"But you're not, you see!" said the fare, who had sought this information. "You stop here, my lad, till I come back." This to the cabman, who sees him, not without misgivings about a source of income, plunge into the filthy and degraded throng that is filling the court, and elbow his way to the scene of excitement.
"He's all right!" said that cabby. "I'll put a tenner on him, any Sunday morning"--a figure of speech we cannot explain.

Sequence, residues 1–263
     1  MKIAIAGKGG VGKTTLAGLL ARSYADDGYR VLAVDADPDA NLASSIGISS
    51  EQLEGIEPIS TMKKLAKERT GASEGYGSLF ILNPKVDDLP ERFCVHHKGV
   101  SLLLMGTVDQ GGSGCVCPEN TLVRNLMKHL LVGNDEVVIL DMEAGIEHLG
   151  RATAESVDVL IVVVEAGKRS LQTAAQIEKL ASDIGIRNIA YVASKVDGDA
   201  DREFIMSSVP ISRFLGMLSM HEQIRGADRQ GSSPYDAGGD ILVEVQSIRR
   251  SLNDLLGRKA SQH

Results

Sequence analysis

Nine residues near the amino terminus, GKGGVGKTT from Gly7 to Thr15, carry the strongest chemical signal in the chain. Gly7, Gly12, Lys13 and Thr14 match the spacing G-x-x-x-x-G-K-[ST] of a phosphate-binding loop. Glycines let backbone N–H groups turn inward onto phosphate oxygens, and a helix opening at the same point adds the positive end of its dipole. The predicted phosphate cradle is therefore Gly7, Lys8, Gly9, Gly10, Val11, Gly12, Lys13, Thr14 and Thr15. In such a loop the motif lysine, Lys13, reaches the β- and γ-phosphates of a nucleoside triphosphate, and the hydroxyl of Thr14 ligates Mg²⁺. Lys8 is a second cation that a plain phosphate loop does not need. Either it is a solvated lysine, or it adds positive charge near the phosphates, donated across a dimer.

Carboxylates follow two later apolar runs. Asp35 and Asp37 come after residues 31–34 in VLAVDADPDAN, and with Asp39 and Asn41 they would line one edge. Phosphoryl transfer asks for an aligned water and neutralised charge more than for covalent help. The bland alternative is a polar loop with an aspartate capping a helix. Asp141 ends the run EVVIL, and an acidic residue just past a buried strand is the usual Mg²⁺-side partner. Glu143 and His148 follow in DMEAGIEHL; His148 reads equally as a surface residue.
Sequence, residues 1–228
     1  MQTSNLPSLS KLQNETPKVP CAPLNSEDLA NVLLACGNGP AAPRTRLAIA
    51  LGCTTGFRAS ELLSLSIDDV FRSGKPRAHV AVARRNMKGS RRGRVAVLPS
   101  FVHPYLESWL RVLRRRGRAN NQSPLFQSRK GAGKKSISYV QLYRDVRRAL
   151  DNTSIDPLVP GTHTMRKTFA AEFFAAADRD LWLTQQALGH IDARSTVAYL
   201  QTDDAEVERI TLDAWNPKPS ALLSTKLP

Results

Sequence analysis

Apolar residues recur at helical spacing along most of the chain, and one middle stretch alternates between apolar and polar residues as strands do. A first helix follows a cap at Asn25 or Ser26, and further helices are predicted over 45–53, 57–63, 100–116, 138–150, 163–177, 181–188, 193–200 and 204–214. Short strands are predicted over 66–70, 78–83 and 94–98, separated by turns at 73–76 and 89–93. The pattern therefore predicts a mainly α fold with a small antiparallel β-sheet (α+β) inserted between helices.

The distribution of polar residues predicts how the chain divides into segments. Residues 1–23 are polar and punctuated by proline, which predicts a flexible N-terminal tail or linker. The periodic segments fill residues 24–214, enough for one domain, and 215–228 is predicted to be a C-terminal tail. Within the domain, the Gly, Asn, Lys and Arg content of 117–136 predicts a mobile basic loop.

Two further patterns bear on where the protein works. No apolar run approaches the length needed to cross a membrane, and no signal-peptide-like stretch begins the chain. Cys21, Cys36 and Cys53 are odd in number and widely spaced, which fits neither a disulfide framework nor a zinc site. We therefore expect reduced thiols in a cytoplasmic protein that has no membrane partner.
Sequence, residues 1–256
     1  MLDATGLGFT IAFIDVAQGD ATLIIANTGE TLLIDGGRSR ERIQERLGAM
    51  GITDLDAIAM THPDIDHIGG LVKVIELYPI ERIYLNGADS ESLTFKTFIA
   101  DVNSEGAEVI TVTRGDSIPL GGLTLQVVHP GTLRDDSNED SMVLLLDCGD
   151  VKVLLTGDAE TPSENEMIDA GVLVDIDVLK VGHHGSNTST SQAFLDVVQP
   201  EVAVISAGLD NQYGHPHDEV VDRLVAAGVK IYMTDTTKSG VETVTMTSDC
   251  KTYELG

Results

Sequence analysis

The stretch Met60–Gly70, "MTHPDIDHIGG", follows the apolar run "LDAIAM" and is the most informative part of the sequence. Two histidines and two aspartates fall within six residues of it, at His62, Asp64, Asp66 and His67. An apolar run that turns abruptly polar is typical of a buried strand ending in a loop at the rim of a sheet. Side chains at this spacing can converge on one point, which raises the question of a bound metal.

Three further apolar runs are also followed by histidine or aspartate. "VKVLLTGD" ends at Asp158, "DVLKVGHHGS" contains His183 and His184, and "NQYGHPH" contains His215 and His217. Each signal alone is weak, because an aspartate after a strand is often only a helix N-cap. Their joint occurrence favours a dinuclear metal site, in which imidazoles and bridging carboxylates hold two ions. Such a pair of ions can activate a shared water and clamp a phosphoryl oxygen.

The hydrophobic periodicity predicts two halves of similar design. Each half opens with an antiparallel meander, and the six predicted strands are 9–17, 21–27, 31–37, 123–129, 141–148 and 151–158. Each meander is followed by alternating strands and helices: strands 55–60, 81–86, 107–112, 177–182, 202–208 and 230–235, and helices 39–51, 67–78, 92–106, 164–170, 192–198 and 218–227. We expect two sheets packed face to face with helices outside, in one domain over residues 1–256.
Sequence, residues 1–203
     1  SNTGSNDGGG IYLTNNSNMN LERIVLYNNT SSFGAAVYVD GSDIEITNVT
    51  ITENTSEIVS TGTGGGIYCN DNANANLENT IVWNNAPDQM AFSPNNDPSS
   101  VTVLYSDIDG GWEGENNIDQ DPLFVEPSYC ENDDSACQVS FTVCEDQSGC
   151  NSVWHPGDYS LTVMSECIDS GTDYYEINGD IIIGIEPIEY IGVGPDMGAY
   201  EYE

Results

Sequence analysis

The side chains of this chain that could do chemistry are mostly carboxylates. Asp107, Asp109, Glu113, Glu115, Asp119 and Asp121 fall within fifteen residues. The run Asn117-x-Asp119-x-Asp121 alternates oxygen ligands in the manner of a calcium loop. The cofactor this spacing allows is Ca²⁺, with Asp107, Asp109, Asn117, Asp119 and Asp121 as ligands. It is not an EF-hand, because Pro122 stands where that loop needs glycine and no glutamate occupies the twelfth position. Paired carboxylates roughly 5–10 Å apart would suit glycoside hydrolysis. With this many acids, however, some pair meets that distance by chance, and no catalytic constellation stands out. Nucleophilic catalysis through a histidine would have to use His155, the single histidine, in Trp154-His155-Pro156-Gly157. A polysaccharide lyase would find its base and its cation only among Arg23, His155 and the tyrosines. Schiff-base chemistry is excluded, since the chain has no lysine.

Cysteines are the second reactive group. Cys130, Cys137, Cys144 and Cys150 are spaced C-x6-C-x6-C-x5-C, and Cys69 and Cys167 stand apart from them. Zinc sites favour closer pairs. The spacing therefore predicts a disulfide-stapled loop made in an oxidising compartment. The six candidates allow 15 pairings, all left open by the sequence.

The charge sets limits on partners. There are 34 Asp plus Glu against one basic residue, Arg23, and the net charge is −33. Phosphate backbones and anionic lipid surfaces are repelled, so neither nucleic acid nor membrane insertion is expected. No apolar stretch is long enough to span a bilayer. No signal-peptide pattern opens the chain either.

From his elevation above the crowd he can see a good deal of what goes on, and guess the rest. Of what he hears, no phrase could be written without blanks few readers could fill in, and for the meaning of which no equivalent can even be hinted. The actual substance of the occurrence, that filters through the cries of panic and of some woman or child, or both, in agony, the brutal bellowings and threats of a predominant drunken lout, presumably Mr. Salter, the incessant appeals to God and Christ by terri